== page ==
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  • Contributors

Akira Akabayashi is Professor in the Department of Biomedical Ethics of the University of Tokyo Graduate School of Medicine, Japan. His research interests span cross-cultural bioethics, research ethics, bioethics policy, and clinical ethics such as informed consent and end-of-life issues. He serves as Chair of the Ethics Committee at the University of Tokyo's Faculty of Medicine. He has also been engaged in clinical ethics consultation as Director of the Clinical Ethics Center at the University of Tokyo Hospital.

Andrew Bloodworth is a lecturer in the College of Human and Health Sciences, Swansea University. Having completed a PhD in the Philosophy of Health and Well-Being at Swansea, he has been involved in numerous research projects concerning the role of moral theory in healthcare ethics, young athletes and their attitudes towards performance enhancing drugs, and ethical aspects of eating disorders in elite gymnastics.

Jacqueline Chin Joon Lin is Assistant Professor at the Centre for Biomedical Ethics (CBmE), National University of Singapore. Dr. Chin's responsibilities include co-teaching ethics modules for CBmE's postgraduate programme, the Master of Public Health programme, and the Faculty of Dentistry. Her research interests include clinical ethics, end-of-life care and feminist approaches to bioethics.

Patrick Foong is a PhD candidate at the University of Tasmania, Australia. His thesis is titled "Repairing Engines of Life: A Comparative Analysis of the Medico-Legal Issues Associated with Embryonic Stem Cell Research in Australia and Malaysia". He is presently based in the Centre for Law and Genetics at the University of Tasmania within the Faculty of Law. His future research interest lies in the regulation of modern technologies.

Eugenijus Gefenas is Associate Professor and Director of the Department of Medical History at Vilnius University and Director of the Lithuanian Bioethics Committee. Together with colleagues from the Center for Bioethics and Clinical Leadership of the Graduate College of Union University (USA), Dr. Gefenas co-directs the Advanced Certificate Program in Research Ethics in Central and Eastern Europe. In 2011, he was elected Chair of the Council of Europe Steering Committee on Bioethics (CDBI). The areas of his professional interest include ethical, philosophical and policymaking issues related to human research, psychiatry and healthcare resource allocation.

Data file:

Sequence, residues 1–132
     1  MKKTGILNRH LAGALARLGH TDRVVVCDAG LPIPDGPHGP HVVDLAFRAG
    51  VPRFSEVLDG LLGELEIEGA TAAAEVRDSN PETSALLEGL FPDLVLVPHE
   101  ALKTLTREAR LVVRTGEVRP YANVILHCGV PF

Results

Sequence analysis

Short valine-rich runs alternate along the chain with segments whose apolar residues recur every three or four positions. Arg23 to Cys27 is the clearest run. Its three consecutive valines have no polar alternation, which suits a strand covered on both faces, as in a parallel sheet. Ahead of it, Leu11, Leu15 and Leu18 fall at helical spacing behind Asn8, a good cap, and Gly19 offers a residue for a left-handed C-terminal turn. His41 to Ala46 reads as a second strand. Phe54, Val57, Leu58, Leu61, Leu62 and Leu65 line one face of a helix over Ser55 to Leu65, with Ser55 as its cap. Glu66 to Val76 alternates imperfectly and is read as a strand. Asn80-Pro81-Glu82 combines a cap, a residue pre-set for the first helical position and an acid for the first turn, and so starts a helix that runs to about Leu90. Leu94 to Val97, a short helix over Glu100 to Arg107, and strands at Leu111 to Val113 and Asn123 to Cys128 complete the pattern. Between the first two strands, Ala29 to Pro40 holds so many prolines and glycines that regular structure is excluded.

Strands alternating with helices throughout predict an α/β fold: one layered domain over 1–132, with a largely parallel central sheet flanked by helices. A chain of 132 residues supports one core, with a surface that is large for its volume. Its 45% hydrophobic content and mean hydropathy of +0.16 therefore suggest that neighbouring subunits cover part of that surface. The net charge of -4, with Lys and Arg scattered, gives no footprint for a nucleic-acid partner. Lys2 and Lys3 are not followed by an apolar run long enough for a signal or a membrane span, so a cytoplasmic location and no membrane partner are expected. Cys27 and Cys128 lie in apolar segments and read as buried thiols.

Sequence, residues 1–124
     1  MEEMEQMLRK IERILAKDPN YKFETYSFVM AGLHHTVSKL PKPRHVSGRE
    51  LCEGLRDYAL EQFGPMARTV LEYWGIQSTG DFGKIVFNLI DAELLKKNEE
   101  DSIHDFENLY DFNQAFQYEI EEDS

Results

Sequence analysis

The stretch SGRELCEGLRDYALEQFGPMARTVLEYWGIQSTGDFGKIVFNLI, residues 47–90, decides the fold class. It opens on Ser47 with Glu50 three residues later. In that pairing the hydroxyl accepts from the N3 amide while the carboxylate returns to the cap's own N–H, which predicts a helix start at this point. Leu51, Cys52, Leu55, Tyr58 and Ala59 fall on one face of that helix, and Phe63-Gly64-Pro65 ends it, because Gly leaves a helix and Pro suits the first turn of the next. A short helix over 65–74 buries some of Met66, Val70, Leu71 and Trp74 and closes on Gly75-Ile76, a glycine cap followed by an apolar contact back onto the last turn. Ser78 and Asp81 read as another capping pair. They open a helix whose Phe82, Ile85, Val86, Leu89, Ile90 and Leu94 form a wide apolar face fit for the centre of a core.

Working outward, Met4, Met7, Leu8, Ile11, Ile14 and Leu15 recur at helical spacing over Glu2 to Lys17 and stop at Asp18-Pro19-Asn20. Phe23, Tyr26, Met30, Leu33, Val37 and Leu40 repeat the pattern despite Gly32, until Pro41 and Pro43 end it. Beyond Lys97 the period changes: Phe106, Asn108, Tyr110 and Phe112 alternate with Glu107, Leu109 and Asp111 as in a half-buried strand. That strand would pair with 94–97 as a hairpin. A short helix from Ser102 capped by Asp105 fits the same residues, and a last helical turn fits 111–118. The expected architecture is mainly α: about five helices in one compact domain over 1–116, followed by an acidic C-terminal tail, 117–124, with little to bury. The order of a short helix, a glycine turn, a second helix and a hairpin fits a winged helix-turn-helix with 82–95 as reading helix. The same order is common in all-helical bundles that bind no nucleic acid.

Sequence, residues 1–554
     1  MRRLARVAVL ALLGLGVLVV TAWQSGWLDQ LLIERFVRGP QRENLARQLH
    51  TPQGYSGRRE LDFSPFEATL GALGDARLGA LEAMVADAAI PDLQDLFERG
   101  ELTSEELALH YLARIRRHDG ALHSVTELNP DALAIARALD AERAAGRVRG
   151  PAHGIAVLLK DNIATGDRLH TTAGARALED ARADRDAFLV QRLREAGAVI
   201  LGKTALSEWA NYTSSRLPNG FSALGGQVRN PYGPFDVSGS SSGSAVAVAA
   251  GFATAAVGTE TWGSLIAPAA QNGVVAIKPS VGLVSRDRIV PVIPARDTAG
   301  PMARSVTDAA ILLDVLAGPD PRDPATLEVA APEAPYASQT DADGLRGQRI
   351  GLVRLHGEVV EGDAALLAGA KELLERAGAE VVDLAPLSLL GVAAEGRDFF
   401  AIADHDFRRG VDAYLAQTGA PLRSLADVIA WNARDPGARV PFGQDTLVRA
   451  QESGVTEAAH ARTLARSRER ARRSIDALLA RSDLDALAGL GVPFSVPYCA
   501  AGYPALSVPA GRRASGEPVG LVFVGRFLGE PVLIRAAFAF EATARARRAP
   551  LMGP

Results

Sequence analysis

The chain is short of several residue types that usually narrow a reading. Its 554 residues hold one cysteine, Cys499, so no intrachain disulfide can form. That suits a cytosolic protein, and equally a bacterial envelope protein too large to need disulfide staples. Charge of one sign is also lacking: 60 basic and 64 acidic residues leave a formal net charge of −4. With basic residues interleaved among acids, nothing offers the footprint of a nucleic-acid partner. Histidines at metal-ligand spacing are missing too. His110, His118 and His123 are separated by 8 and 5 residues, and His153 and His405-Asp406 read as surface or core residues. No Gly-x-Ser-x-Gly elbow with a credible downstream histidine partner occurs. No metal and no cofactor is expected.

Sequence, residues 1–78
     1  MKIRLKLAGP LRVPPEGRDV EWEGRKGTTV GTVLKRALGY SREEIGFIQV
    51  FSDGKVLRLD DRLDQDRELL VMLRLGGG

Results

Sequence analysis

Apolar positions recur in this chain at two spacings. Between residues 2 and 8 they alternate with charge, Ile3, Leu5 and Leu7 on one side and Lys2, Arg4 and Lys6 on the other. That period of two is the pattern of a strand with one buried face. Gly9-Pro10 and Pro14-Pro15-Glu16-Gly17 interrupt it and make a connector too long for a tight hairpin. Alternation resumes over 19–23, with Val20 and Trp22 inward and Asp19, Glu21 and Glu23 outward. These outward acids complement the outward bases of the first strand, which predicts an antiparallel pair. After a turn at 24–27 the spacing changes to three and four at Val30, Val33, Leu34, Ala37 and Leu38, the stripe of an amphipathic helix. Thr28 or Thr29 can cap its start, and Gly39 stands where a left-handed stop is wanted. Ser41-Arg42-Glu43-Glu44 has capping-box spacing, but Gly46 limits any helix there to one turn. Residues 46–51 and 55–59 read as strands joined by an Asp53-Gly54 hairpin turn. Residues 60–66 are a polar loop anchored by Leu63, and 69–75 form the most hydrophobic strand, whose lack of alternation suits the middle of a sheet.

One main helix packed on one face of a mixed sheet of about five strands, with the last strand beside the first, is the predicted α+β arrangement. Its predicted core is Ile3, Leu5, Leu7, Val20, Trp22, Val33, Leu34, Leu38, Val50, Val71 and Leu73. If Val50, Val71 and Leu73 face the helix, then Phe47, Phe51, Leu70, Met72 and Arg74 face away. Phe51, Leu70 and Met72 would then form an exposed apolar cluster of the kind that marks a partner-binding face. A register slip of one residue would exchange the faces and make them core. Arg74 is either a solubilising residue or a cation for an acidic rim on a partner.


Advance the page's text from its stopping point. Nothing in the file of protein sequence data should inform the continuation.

Lalit Krishna is a physician specialising in palliative care at the National Cancer Centre, Singapore. Dr. Krishna has written widely on the subject of palliative care and is currently undertaking PhD studies at the Centre for Biomedical Ethics, National University of Singapore.

Lee Tsung-Tang is a PhD candidate at Tsinghua University School of Law in Beijing. He received his LLB degree from Soochow University in Taipei and his LLM degree [End Page 310] from the University of Edinburgh in the UK. His research fields include civil law, energy law and biomedical law.

Chiara Lepora is a Visiting Profes sor at the Korbel School of Interna tional Studies and formerly worked for Médecins Sans Frontières (Doc tors Without Borders) as a physician and emergency coordinator. Her research focuses on ethical aspects of medical and humanitarian assistance in conflict and emergency contexts.

Liao Chia-Cheng is a practising attorney in Taipei. He received his LLB and first LLM degrees from National Taiwan University, and his second LLM degree from New York University. He played an important role in the formulation of Taiwan Biobank's governance framework and the drafting of the Human Biobank Management Act.

Lin Jui-Chu is a Professor of Law within the Department of Humanities and Social Science and Dean of Student Affairs at National Taiwan University of Science and Technology. She is also a Professor within the University's Graduate Institute of Patent. Her research interests range from civil law, electronic commerce law, energy law to biomedical law. Professor Lin is a Co-Principle Investigator of research projects on legal issues regarding the governance of Taiwan Biobank.

Low Yin Yee Sharon is a neurosurgical registrar based in the National Neuroscience Institute, Singapore. She is currently pursuing a research-based PhD at the Yong Loo Lin School of Medicine, Singapore. Her area of interest is primary brain tumours, especially high-grade gliomas.

Kate Maguire is an anthropologist and trauma psychotherapist based at Middlesex University. She subscribes...


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pp. 310-312
Launched on MUSE
Open Access
Archive Status
Archived 2017
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